That blows a gaping hole through the story the administration peddled to Senators. But let's pretend for a moment that it's true, since that what Team Obama was obviously hoping people would believe. The White House has adamantly claimed that they did not negotiate with terrorists (I explain that technicality here) to arrange this exchange, swearing up and down that this was a prisoner swap (which has plenty of precedent). Time's Michael Crowley has a useful explainer on the players and dynamics in this scenario that casts doubt on the first claim. Bergdahl was being held by the Haqqani network, which the US has formally designated as a terrorist organization, so any deal for his release necessarily involved them. They can dress it up all they want. The United States made concessions to terrorists. On the second claim, the administration is now saying that it had to rush the plan through because the radicals holding Bergdahl threatened to kill him. That's...not how "prisoner exchanges" work. That's how hostage-takers and terrorists operate. Add in the detail that the US also considered paying a cash ransom as recently as December, and the "prisoner swap" facade crumbles. In this case, the White House's most recent excuse (they were going to kill him!) thoroughly undermines one of the central premises they've employed to defend themselves (it wasn't a terrorist/hostage situation). Finally, when I said that the White House "caved" to the Taliban's demands, I meant it. The Washington Post, on how things went down:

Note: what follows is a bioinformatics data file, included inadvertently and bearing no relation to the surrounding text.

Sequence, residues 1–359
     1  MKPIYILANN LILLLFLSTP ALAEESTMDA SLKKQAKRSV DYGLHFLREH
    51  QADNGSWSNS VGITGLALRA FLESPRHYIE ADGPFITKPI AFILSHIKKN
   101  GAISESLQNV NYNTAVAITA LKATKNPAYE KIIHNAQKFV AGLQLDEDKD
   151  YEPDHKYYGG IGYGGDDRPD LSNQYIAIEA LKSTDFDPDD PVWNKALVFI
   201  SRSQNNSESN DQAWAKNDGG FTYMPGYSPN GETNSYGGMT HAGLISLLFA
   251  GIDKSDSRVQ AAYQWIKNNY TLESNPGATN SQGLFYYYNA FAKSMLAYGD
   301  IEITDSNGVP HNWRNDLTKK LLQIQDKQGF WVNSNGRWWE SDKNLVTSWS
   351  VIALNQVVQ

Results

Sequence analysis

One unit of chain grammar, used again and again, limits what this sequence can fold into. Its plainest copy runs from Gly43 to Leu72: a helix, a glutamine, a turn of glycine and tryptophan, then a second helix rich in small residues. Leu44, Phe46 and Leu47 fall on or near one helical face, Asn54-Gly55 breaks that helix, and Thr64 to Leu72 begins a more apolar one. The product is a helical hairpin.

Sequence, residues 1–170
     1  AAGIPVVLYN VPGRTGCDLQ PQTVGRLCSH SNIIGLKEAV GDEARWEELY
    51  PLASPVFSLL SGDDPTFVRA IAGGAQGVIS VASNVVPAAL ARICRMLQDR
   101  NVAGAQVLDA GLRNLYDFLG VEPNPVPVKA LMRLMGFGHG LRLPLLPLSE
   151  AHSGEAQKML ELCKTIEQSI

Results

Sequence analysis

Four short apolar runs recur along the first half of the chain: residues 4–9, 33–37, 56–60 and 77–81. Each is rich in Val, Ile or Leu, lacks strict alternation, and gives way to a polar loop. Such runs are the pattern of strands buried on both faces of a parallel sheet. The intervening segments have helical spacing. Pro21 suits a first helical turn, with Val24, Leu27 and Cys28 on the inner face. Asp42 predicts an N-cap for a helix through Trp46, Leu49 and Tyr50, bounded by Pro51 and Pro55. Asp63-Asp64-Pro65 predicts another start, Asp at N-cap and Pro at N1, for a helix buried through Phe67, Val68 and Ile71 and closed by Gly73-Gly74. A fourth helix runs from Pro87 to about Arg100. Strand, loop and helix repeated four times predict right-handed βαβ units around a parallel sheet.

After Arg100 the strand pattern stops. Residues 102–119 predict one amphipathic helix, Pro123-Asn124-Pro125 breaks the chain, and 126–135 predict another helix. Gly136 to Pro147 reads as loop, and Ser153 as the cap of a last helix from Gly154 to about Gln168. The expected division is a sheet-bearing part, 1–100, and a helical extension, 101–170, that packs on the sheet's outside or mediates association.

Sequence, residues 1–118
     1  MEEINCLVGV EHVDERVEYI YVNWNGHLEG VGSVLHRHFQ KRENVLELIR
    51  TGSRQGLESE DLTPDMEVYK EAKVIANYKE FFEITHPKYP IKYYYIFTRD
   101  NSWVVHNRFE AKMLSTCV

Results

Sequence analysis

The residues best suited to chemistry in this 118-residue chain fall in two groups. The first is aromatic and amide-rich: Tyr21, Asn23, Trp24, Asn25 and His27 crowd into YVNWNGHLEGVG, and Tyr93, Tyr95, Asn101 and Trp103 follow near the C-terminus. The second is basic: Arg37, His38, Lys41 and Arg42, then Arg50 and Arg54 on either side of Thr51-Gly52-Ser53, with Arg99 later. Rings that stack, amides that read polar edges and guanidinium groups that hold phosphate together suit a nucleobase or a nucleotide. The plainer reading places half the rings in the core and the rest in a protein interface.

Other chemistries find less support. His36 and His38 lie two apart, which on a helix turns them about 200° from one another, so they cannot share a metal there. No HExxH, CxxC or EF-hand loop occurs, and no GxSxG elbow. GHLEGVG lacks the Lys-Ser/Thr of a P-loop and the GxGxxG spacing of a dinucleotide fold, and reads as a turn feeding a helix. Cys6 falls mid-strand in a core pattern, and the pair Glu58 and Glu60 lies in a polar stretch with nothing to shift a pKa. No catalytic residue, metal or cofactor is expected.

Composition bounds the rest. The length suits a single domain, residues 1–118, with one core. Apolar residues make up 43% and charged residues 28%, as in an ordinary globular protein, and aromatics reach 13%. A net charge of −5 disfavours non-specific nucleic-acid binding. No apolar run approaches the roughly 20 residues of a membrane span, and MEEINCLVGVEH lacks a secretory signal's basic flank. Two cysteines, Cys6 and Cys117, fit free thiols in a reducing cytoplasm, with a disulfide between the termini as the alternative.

When the talks began as part of what U.S. officials hoped would be a broader Afghan peace effort, U.S. envoys were forbidden to offer any detainees held in the military prison at Guantanamo Bay, Cuba, as part of a trade for Bergdahl. According to people familiar with the process, negotiators were allowed to include only Taliban fighters held at the detention center at Bagram air base, outside Kabul. Those restrictions put Taliban moderates open to peace talks — including Tayeb Agha, who was appointed by Taliban leader Mohammad Omar to represent him in the negotiations — in a difficult position with the movement’s more hard-line elements...The Taliban countered with a list of six senior Taliban officials being held at Guantanamo Bay. The list included the five Taliban commanders released as part of the Bergdahl agreement, as well as a sixth who died during the talks, which stretched from February 2011 until June 2012...In Washington, initial resistance from many of those in Obama’s war cabinet faded into support in principle for a five-to-one swap.
Nobody takes our "red lines" seriously. We began by insisting, "no Gitmo prisoners, the people we release must come from somewhere else." The Taliban/Haqqanis obstinately stuck to their list, and we acceded on all five. Then US negotiators proposed releasing two of the five initially, then the other three a few months later. Not good enough, said the Taliban/Haqqanis, so we dropped that idea. The administration also decided against trying to win the release of other US citizens being held captive by the Taliban as part of the agreement, to make it less lopsided. Remarkably, a State Department spokesperson defended that decision by citing "longstanding U.S. policy not to make concessions to hostage-takers." It almost takes your breath away, doesn't it?